|Rights of Individuals: Civil and Political|
|Freedom of Religion, Belief, and Opinion||Freedom of Expression||Freedom of Assembly, Demonstration, and Petition||Freedom of Association|
|South African Constitution||§15. On the free exercise of religion, equal treatment of religions, etc., see de Waal et al., at 276-96.||§16 (including protection of the freedom of the press, academic and artistic freedom, and specific limitations on freedom of expression)||§17 (limited to peaceful and "unarmed" demonstrations)||§18 (unqualified except by the §36 general limitations clause)|
|French 1958 Constitution||1798 Declaration Art. 10 (no interference with a person’s opinions, including religious views, unless they disturb the public order established by law). The Conseil Constitutionnel has held that the freedom of conscience is a "fundamental principle" of constitutional status, pursuant to ¶1 of the Preamble to the 1946 Constitution. See Bell, at 71.||
1798 Declaration Art.
11 (establishing the right but prohibiting
abuses of this freedom, "l'abus de cette liberté," as defined by law). The Conseil Constitutionnel has created an elaborate jurisprudence of the rights to broadcast, to publish, to receive information, etc. See Bell, at 166-76.
|No explicit provisions.||The Conseil Constitutionnel has found that the freedom of association is a "fundamental principle" of constitutional status, pursuant to ¶1 of the Preamble to the 1946 Constitution. See Bell, at 150-51.|
|Canadian Charter of Rights and Freedoms||§2(a) ("freedom of conscience and religion"), §2(b) (freedom of thought, belief, and opinion), subject to limitation under §33 by express act of Parliament or a provincial legislature.||§2(b) ("freedom of expression, including freedom of the press and other media of communication"), subject to limitation under §33 by express act of Parliament or a provincial legislature.||§2(c) ("freedom of peaceful assembly"), subject to limitation under §33 by express act of Parliament or a provincial legislature.||§2(d), subject to limitation under §33 by express act of Parliament or a provincial legislature.|
|Constitution of Argentina||Art. 14 (narrowly framed right to profess freely one’s religion [de profesar libremente su culto]).||Art. 14 (right to publish ideas in the press without prior censorship). See also Art. 32 (barring Congress from restricting freedom of the press).||There is no provision other than a narrow reference to the right to petition in Art. 14. This represents an important omission from the Constitution.||Art. 14 (to associate for useful ends [de asociarse con fines útiles]).|
|United States Constitution||1st Amend. ("Congress shall make no law respecting an establishment of religion, or prohibiting the free exercise thereof"). While religious belief is explicitly protected by the Free Exercise Clause, caselaw has explored the extent to which religious conduct may be limited by purely secular legislation. Also elaborated in caselaw is the prohibition of state-sponsored religion, and freedom of the press, e.g. Near v. Minnesota, 283 U.S. 697 (1931) (establishing the prior restraint doctrine).||1st Amend. ("Congress shall make no law ... abridging the freedom of speech, or of the press"). Caselaw in this field is voluminous, and has established numerous aspects of this right each with its separate body of jurisprudence.||1st Amend. ("Congress shall make no law ... abridging ... the right of the people peaceably to assemble, and to petition the Government for a redress of grievances.")||No explicit provision, but caselaw has found that it is implicitly protected by the free speech and free assembly provisions of the 1st Amend. E.g. NAACP v. Alabama, 357 U.S. 449 (1958).|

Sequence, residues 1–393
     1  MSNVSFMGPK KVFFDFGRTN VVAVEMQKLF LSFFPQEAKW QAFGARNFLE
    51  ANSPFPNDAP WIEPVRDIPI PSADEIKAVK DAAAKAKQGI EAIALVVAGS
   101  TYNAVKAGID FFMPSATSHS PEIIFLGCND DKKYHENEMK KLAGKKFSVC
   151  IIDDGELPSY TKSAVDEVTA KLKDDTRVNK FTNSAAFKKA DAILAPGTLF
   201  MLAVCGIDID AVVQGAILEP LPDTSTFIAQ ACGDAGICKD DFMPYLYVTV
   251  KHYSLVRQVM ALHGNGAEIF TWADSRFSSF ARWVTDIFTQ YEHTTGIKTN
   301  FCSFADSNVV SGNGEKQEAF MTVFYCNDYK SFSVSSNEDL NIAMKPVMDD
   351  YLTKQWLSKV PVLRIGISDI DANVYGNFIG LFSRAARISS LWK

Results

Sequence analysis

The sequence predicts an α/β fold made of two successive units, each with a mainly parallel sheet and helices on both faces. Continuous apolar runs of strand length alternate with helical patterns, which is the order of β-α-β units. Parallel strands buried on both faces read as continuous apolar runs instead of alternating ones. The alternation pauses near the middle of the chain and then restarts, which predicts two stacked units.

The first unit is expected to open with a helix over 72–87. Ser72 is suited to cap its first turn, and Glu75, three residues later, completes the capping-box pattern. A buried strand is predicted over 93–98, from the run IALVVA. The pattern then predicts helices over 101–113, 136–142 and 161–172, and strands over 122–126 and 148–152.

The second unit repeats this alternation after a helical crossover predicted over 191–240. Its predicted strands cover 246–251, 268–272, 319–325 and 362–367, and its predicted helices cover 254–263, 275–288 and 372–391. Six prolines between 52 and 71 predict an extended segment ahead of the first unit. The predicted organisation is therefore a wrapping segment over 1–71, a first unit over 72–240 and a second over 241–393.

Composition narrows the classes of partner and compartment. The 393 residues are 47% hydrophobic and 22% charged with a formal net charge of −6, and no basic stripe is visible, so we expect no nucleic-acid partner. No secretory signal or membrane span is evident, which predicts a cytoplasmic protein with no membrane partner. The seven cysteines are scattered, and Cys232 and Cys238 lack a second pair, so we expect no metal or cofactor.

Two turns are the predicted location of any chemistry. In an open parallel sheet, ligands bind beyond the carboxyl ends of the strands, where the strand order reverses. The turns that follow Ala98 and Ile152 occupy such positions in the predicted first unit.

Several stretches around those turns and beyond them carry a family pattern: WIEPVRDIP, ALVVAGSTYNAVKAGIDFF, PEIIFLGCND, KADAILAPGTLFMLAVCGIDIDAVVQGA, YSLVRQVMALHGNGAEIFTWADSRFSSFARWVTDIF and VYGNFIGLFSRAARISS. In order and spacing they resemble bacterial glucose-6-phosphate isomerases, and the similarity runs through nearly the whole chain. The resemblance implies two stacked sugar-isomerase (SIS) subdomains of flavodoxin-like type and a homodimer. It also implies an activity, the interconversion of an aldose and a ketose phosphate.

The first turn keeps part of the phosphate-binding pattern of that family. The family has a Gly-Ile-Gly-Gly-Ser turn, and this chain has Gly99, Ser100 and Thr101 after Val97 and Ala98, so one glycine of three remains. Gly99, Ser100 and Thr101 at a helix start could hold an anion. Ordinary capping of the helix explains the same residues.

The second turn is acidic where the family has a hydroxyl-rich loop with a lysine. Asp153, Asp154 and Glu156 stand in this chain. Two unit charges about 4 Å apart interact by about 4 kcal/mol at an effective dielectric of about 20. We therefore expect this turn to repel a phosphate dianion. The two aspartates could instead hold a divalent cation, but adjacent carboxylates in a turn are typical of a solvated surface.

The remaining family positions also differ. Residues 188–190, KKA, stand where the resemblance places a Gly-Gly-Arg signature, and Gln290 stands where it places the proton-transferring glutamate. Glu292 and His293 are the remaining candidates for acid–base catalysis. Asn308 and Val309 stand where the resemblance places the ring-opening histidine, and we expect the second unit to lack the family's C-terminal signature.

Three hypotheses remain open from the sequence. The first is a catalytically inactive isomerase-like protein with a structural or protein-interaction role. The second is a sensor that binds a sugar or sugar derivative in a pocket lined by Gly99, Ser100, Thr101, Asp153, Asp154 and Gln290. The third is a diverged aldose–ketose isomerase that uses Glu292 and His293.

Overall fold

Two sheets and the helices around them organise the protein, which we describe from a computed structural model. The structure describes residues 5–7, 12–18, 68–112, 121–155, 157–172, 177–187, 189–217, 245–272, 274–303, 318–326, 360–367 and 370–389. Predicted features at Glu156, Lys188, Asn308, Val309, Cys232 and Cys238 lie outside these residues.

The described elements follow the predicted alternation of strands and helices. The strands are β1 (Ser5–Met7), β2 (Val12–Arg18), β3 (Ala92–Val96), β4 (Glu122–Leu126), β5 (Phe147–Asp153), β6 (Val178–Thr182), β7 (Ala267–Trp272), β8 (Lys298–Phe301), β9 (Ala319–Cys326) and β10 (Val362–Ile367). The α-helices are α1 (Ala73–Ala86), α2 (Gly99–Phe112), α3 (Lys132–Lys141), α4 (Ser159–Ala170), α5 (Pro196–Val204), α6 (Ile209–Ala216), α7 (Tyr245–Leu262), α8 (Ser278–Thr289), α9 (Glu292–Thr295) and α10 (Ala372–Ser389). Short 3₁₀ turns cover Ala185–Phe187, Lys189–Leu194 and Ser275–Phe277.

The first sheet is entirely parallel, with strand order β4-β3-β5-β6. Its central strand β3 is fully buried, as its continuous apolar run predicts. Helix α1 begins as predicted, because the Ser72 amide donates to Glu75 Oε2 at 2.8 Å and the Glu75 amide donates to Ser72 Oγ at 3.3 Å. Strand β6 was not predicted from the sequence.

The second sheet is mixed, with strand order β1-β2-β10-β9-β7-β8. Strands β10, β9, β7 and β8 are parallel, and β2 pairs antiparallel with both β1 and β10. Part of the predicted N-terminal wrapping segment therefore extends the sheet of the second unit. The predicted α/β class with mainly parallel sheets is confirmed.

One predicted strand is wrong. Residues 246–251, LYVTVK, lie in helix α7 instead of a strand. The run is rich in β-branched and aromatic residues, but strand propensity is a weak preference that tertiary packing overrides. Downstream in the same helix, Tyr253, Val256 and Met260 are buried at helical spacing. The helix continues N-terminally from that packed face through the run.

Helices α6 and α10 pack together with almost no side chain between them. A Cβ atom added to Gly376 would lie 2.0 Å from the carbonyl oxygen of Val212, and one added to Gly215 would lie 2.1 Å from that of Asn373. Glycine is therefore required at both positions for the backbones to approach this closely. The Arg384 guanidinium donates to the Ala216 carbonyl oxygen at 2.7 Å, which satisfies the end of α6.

|Constitution of India||Art. 25 (freedom of religion and of conscience, "subject to public order, morality and health"), though under Art. 25(2) any level of government may restrict economic activities related to religion. Special mention is made of the religious practices of the Sikh religion. Under Art. 26, all religious orders have limited powers to establish places of worship and teaching, while Art. 28 ensures the separation of religious and state education.||Art. 19(1)(a), as limited by Art. 19(2) (reasonable restrictions to advance national security or foreign affairs, or in applying police powers). For an extended essay, including freedom of the press, see Tope, at 117-43.||Art. 19(1)(b) (freedom of peaceful assembly), as limited by Art. 19(3) (reasonable restrictions to advance national security).||Art. 19(1)(c) as limited by Art. 19(4) (reasonable restrictions to advance national security or in applying police powers).|
|Würzburg Key System||Key 623||Key 6242||(Key has not yet been developed)||(Key has not yet been developed)|
|Universal Declaration of Human rights||Art 18 (freedom of thought, conscience, and religion, including freedom to worship and teach religion, etc., and to change religion)||Art 19 (freedom of opinion and expression, including right to receive and impart information "through any media")||Art 20(1) (freedom of peaceful assembly, no compulsory membership in any association)||Art 20(1)|
|Int’l Covenant on Civil and Political Rights||ICCPR Art. 18 (same content as the Universal Declaration, plus protection from coercion as to belief or religion, recognition of parental prerogative, and a limitation of the extent to which this freedom may be abridged)||ICCPR Art. 19 (same content as the Universal Declaration, plus a limitation of the extent to which this freedom may be abridged)||ICCPR Art. 21 (the right of peaceful assembly, subject only to limitations necessary to national security, public safety, protection of rights of others, etc.)||ICCPR Art. 22 (subject only to limitations necessary for the reasons noted under Freedom of Assembly, or special limitations applicable to the armed forced and police)|